Jim studied the slide hammer skeptically, then passed it to me and brought out his crow's foot nail puller. I examined Pierce's tool and could see that the jaws were chipped so they couldn't get a good grip on the nail head. It might've been a wonderful tool at one time. Now it was crap.
I brought out my own crow's foot. By the time Pierce returned, we'd removed all the nails from all the vent boards.
"How'd you like it?" Pierce asked.
"Nice tool," Jim said.
* * *
There were 14 boards to be hung on piano hinges. Each bright brass Stanley hinge was 6 feet long with screw holes every 2 inches on each side of the hinge. For this little task, Jim and I would need to drive 980 bright brass screws. Slot head screws.
I don't know when cordless drills/cordless screwdrivers first went on the market, but nobody had them in 1976. Most screws were slot head, and mostly you drove screws by hand.
Pierce, as it happened, had another flea market bargain: an old Yankee screwdriver which operated by a push-pull spiraling ratcheting action. Jim tried it. For the Yankee to work, the screw couldn't offer much resistance. The slot had to be deep enough to keep the blade from sliding out. With these rasty boards, the tool jammed; the blade slid out.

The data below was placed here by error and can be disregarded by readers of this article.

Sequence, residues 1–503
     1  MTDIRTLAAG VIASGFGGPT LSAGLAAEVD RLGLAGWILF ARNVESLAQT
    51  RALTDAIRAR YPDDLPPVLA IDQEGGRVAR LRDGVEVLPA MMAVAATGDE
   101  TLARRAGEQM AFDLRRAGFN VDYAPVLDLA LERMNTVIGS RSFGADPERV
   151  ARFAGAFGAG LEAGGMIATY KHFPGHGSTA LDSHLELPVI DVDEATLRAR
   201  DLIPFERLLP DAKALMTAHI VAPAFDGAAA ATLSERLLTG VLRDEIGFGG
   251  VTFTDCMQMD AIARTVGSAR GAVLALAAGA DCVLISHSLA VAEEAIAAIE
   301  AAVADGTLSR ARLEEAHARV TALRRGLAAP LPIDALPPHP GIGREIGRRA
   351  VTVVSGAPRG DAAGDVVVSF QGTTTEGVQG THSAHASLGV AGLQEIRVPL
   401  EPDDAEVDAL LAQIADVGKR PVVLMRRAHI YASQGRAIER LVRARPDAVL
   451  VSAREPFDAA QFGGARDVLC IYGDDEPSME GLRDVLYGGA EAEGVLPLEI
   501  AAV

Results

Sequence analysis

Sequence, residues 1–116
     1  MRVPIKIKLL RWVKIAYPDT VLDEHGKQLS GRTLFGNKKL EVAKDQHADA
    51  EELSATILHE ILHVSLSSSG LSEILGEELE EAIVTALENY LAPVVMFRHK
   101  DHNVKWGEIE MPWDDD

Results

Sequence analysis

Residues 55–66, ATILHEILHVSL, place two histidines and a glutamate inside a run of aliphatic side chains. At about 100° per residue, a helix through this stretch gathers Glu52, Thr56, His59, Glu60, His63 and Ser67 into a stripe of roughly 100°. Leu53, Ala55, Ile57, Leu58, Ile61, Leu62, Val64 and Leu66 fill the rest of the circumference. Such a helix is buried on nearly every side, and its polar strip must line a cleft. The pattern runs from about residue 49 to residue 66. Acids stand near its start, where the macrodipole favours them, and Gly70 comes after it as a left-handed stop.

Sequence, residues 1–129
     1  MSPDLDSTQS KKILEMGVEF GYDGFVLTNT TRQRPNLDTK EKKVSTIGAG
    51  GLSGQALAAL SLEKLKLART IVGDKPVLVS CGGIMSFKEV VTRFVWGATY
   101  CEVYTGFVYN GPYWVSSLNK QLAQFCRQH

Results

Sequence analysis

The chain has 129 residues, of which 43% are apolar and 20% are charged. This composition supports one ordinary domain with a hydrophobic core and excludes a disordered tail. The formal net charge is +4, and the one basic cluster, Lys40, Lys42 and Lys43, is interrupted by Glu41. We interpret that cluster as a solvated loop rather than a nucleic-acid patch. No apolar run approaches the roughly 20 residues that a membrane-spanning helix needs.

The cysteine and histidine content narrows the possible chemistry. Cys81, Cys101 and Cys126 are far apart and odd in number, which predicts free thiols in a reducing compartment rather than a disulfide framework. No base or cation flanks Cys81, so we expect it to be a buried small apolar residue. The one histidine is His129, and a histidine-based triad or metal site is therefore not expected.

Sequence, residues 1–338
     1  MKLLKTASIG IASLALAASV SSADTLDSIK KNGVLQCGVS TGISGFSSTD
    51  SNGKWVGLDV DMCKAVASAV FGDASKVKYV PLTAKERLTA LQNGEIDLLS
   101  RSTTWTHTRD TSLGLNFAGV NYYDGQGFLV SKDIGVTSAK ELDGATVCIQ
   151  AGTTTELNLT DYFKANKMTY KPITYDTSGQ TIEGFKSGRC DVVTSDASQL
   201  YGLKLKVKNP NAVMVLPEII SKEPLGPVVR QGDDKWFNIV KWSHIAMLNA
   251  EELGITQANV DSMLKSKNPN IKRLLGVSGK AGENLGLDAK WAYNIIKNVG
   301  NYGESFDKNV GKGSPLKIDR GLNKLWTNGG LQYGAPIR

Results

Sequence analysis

Adolf could hang a door in 6 minutes flat. Jim and I were in awe of him.
Adolf wandered out on a break just in time to see Jim struggling with the Yankee driver. Adolf studied the tool. "Scheisse," he said. He held out one cupped hand. "Give me your hammer." Borrowing Jim's Vaughan framing hammer, Adolf looked around to see if anybody was watching, then whacked a screw. One whack, one installed screw. No pre-drilling, no twisting. Just whack.
It held tight like a ring nail, but you could back it out with a screwdriver.
"No foss, no moss," Adolf said. Then he wandered away.
Together Jim and I whacked 980 screws in less than an hour.
(This is the first installment on a series about my first job on a construction crew. To be continued...)